UK Car-Parrinello Consortium, (UKCP)
The UKCP consortium is focused on the application of quantum mechanics to understand and predict the properties of materials. The members of UKCP have made major contributions to both the theory and application of quantum mechanics-based materials modelling, and have developed a common code-base of 3 primary packages (CASTEP, ONETEP and CONQUEST) which are distributed world-wide and widely used in both academia and industry. The consortium contains academics from different disciplines (mainly Physics, Chemistry and Materials) and is still actively developing new methods and algorithms, and pioneering new abilities to calculate even more properties, with high accuracy and efficiency.
|Consortium Head||Dr Matt Probert|
|ARCHER CSE Consortium Contact||Dr Toni Collis|
Two common metals that are not magnetic - copper and manganese - can be transformed into magnets: a surprising effect that involves combining thin films of the metals with fullerene molecules. Density functional theory simulations suggest a mechanism based on magnetic hardening of the metal atoms, owing to electron transfer. The mechanism may allow for the design of magnetic materials and interfaces using abundant, non-toxic components such as organic semiconductors, with new possibilities for electronic, power or computing applications.
Density functional theory, in conjunction with a cluster expansion model, has been used to study the structure and stability of the positionally disordered iron-nickel sulfide mineral pentlandite (Pn), (Fe, Ni)9S8, with results indicating heterogeneous nearest neighbour metal contacts are more energetically favourable than homogeneous contacts. We also addressed the binding of ethyl xanthate, water and hydroxide to the  Pn surface to better understand the mode of action of flotation agents for the recovery of metals by industrial mining processes. In order to model anionic ligands bound to a periodic boundary condition surface we propose a correction scheme derived from the surface work function to remove the additional charge introduced by the ligand. The modelling study was extended to other mineral surfaces and other industrial collector ligands, and a hierarchy of ligand-mineral surface binding emerged, which was subsequently verified by experiment based on electrochemistry measurements.
Recent advances in finite temperature first-principles methodology have been applied to calculate ultra-high temperature thermodynamic properties of ZrC. These calculations, which represent a first application of such methods within the burgeoning field of ultra-high temperature ceramics (UHTCs), provide fully anharmonic, DFT-level results at temperatures where experimental data is unavailable or inherently unreliable. This data will in future be used within a CALPHAD reassessment of the ZrC phase diagram, leading to an improved understanding of the phase-stability of this material; crucial for understanding its behaviour for applications in, e.g., thermal barriers, also in fission and fusion-reactors.
Density functional theory calculations on entire proteins for free energies of binding: Application to a model polar binding site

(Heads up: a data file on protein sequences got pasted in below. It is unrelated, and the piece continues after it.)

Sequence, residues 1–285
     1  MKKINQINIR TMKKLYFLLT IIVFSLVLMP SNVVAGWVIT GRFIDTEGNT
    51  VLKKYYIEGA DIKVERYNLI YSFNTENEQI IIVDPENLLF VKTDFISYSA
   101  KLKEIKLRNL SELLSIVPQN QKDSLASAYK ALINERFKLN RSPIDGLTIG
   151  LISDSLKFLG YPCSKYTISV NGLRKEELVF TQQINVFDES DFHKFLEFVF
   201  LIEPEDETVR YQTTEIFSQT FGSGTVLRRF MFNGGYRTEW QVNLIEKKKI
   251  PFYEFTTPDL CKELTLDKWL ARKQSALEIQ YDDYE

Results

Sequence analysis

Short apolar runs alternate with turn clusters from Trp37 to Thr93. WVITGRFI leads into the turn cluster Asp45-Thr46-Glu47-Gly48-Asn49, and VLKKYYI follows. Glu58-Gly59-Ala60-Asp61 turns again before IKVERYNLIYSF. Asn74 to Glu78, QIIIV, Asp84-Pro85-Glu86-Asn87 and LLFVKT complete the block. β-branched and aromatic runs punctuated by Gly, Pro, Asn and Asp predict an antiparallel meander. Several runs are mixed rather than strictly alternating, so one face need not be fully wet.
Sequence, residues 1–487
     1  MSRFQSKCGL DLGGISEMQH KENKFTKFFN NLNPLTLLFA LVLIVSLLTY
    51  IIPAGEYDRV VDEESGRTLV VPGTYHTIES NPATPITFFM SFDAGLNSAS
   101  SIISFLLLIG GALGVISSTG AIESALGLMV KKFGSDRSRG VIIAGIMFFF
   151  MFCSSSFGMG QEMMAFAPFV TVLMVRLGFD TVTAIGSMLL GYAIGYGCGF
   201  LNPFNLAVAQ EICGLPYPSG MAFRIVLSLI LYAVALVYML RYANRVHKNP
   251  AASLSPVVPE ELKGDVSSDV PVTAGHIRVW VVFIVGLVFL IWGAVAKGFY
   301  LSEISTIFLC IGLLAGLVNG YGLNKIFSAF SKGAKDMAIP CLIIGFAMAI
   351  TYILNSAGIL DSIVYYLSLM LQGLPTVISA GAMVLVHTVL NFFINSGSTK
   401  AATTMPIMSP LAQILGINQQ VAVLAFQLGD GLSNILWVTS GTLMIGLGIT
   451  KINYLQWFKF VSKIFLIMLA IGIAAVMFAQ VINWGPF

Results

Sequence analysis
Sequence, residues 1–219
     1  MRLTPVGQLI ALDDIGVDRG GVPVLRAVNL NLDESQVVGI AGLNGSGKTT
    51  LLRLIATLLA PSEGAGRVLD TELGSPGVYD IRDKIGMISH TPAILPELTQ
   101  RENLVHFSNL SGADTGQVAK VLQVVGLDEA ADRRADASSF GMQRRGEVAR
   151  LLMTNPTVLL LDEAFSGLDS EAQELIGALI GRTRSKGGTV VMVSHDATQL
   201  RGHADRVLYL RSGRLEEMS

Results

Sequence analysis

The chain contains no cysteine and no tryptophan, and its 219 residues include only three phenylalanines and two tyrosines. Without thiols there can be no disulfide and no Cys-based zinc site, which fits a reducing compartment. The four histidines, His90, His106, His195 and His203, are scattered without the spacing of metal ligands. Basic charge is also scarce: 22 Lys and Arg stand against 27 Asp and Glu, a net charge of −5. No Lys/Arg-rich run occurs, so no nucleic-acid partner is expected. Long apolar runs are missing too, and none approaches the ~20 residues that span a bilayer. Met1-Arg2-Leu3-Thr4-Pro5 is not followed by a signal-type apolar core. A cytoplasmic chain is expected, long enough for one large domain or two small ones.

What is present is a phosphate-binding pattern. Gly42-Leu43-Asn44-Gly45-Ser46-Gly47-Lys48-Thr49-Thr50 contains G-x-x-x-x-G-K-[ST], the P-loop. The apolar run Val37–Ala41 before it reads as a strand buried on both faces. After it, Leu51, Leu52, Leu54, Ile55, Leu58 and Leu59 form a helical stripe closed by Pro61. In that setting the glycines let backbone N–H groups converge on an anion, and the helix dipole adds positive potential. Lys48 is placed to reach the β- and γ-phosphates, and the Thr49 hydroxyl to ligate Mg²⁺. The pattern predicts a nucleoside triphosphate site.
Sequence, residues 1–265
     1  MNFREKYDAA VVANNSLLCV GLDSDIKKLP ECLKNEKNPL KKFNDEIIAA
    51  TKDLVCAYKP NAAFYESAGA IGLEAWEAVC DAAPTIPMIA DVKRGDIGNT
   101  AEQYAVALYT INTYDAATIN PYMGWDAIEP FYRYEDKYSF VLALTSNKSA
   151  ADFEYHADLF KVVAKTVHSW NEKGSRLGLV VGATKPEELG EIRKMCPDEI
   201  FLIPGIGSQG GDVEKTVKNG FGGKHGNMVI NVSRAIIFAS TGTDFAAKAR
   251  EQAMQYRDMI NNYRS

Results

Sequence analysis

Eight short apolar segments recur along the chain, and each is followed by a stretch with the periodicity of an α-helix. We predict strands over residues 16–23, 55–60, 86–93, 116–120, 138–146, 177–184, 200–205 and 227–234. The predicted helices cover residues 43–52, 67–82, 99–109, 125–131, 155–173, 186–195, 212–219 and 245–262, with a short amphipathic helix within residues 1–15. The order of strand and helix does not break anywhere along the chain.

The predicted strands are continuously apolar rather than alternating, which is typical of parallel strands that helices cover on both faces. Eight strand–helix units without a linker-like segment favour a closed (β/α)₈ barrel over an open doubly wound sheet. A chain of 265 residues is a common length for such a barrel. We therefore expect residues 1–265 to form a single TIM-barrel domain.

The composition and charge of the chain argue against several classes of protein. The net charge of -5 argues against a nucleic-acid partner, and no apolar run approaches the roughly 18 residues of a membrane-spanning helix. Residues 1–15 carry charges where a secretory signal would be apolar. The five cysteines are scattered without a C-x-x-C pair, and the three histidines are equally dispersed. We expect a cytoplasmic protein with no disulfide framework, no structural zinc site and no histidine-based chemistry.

In drug optimization calculations, the molecular mechanics Poisson-Boltzmann surface area (MMPBSA) method can be used to compute free energies of binding of ligands to proteins. The method involves the evaluation of the energy of configurations in an implicit solvent model. One source of errors is the force field used, which can potentially lead to large errors due to the restrictions in accuracy imposed by its empirical nature. To assess the effect of the force field on the calculation of binding energies, in this project we used large-scale density functional theory (DFT) calculations as an alternative method to evaluate the energies of the configurations in a “QM-PBSA” approach. Our DFT calculations were performed with a near-complete basis set and a minimal parameter implicit solvent model, within the self-consistent calculation, using the ONETEP program on protein–ligand complexes containing more than 2600 atoms. We applied this approach to the T4-lysozyme double mutant L99A/M102Q protein, which is a well-studied model of a polar binding site, using a set of eight small aromatic ligands. We observed that there is very good correlation between the MM and QM binding energies in vacuum but less so in the solvent. The relative binding free energies from DFT are more accurate than the ones from the MM calculations, and give markedly better agreement with experiment for six of the eight ligands. Furthermore, in contrast to MM-PBSA, QMPBSA is able to correctly predict a nonbinder
Below are a list of eCSE projects (ongoing and completed) involving consortium members, or codes which are used by the consortium:
- eCSE06-6 PI: Mr Iain A Bethune CP2K - scalable Density Functional Theory (12 months)
- eCSE07-6 PI: Prof. Chris-Kriton Skylaris Implementation and optimisation of advanced solvent modelling functionality in CASTEP and ONETEP (12 months)
- eCSE08-9 PI: Lev Kantorovich CP2K --- Electron Transport based on Non-Equilibrium-Green‰Ûªs-Functions Method (12 months)
- eCSE08-10 PI: Phil Hasnip Optimal parallelisation in CASTEP (6 months)
- eCSE08-15 PI: Dr Jose Maria Escartin Esteban Implementation of Spin-Orbit Couplings in Linear-Scaling Density Functional Theory (12 months)